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French election: “Coexistence” could change the cards for president and prime minister

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This is Yves. President Emmanuel Macron’s hasty and petulant call for general elections in France, perhaps intended to spook a resurgent right wing, threatens to sink his centrist coalition. Based on the EU parliament’s vote totals, they Nasty guy Marine Le Pen’s National Rally and a smaller right-wing party, Reconquista, or a left-wing group of four parties calling themselves the Popular Front. In this article, we explain what would happen if the French president lost his majority or the largest party position in parliament.

We hope that our French and European readers will speak out, especially on the implications of further gains for right- and left-wing groups at the expense of Macron’s centrists. What are the broader implications of the French president undermining his own legitimacy? Will lame-duckery have more significant consequences in the EU than in the US?

By Alexandre Flambery-Iacobone. Doctor of European Law (Descriptions on the History of Law – Label Europe) / Postdoctoral Researcher at the University of Bordeaux. Originally published in conversation in French

French politics have been thrown into turmoil by President Emmanuel Macron’s decision to dissolve Parliament following historic gains for the far-right in the European elections.

The next parliamentary elections are scheduled for June 30 and July 7, and the European Parliament elections are scheduled for June 14 and July 18. The broad trichotomy of French politics The far-right led the European vote with Marine Le Pen’s National Rally winning 31.37% of the vote, followed by Reconquista, founded and led by nationalist firebrand Éric Zemmour, with 5.47%. Next came the newly formed left-wing coalition Popular Front, which includes the four main left parties, the Socialist Party (PS) (13.83%), Indomitable France (LFI) (9.89%), the Green Party (EÉLV) (5.5%) and the Communist Party (PCF) (2.36%), together taking almost 30% of the vote. Renaissance, the government’s centrist list, won 14.60% of the vote, while the mainstream conservative Republicans received only 7.25%.

This fragmentation likely means that Macron’s government will lose its majority in the National Assembly and will be forced to coexist with a prime minister from another party. How will this arrangement, enshrined in the 1958 constitution, work in practice?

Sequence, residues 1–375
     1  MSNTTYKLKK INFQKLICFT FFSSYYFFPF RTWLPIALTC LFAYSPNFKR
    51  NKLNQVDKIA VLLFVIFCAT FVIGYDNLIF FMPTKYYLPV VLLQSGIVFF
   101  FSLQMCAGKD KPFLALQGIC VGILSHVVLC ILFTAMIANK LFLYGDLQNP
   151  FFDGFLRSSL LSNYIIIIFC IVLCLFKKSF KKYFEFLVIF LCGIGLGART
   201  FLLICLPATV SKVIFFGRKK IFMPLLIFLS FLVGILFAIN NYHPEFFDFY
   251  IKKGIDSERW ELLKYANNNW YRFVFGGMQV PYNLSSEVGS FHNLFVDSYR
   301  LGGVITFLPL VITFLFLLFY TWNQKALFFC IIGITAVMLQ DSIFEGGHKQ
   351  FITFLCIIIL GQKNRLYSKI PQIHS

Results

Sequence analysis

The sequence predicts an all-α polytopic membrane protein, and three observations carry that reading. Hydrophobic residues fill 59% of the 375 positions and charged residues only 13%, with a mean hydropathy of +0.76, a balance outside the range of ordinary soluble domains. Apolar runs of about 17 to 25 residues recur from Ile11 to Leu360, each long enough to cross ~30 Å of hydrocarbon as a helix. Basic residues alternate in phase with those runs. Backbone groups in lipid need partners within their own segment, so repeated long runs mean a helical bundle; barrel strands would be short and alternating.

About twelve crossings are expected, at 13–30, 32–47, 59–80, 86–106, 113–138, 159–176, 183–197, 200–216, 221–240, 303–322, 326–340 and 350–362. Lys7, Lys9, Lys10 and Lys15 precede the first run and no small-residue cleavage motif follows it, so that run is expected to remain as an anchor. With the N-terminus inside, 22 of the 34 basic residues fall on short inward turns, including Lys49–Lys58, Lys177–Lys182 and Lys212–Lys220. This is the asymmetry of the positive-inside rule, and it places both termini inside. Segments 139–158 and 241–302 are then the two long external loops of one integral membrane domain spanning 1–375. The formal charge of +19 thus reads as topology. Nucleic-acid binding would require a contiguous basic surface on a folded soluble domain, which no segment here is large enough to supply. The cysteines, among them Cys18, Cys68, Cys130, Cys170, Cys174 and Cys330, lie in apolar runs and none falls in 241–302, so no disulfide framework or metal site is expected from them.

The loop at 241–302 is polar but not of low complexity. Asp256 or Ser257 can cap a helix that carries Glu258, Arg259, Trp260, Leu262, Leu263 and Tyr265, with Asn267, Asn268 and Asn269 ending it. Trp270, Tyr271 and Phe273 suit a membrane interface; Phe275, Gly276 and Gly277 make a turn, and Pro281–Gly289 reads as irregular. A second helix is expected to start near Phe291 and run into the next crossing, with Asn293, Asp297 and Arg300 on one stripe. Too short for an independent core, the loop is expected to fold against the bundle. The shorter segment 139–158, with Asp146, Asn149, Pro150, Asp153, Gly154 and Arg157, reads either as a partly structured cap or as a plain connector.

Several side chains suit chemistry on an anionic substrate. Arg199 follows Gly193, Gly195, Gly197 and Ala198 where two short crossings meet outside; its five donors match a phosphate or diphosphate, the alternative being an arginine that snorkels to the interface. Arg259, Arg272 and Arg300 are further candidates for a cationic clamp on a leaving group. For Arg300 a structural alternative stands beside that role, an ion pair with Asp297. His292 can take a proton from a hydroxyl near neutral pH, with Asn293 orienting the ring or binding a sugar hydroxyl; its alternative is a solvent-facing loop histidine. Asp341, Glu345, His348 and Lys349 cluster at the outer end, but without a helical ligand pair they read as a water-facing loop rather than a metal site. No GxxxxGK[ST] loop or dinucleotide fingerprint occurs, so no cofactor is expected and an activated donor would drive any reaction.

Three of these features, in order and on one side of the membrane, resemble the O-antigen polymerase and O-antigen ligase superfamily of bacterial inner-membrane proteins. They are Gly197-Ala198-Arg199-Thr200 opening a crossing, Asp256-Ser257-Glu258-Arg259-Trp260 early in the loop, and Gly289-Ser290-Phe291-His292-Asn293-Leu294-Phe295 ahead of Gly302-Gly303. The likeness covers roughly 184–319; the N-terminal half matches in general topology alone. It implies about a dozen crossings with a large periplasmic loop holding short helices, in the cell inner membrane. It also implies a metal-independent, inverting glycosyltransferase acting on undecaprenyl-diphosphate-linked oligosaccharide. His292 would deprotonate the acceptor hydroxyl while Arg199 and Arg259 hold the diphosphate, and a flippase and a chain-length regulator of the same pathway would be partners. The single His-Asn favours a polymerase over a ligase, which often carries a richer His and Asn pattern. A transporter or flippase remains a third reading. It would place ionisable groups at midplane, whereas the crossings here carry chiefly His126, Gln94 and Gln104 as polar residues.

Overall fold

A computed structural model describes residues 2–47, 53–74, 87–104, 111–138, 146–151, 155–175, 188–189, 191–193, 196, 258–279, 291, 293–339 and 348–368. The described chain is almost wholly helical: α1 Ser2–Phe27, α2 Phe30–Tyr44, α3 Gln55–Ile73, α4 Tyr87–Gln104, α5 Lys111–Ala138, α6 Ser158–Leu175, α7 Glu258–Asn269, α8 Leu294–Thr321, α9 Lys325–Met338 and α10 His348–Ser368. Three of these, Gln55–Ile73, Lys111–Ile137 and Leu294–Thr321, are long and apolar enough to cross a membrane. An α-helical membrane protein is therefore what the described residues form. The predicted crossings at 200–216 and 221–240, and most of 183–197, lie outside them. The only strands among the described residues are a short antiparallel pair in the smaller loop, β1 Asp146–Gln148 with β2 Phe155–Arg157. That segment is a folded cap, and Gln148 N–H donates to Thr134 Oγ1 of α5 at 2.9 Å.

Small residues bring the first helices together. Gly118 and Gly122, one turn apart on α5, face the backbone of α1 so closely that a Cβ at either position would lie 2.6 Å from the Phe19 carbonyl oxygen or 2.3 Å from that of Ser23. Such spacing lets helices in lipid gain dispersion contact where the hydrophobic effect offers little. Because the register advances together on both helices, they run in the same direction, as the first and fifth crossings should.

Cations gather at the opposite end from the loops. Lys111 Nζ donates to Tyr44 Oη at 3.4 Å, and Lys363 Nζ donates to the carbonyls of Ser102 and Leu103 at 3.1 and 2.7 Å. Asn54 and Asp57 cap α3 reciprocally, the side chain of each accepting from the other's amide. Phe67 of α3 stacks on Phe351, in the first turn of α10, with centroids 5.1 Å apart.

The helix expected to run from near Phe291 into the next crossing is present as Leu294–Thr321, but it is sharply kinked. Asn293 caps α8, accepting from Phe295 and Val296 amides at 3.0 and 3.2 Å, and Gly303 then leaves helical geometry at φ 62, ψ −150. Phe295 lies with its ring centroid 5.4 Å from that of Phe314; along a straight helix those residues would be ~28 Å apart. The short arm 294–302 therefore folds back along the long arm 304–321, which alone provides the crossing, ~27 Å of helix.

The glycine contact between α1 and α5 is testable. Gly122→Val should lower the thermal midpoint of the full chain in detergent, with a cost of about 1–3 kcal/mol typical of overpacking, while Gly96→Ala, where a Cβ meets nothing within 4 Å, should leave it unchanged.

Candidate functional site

Executive power

The Fifth Republic Constitution, adopted in 1958, curbed the powers of the National Assembly and thereby Government instability It has rocked the Fourth Republic since 1946.

Following a referendum called by then-President Charles de Gaulle in 1962, the constitution was amended to allow for direct election of the president, further strengthening executive powers.

This change gives the president the power and legitimacy to assert his leadership, but the downside is that their position may be divisive. Presidential Parliamentary System or Presidential SystemIn this organization, the chairman Active Participant in policy formulation and implementation at the state level.

In most parliamentary countries, presidents, kings and queens do not take part in the public political debate. In Germany, for example, we are used to hearing the name Angela Merkel. But she is not president, she is prime minister, more like a French prime minister. In the UK, when we think of politics, the first people that come to mind might be Margaret Thatcher, Tony Blair and Boris Johnson. Again, they were prime ministers. Queen Elizabeth II and now King Charles III are further back.

France is a special case. Unlike most other countries with parliamentary systems, the head of state is directly elected by the people and enjoys recognition and legitimacy. Therefore, the French Constitution states: Double meaning.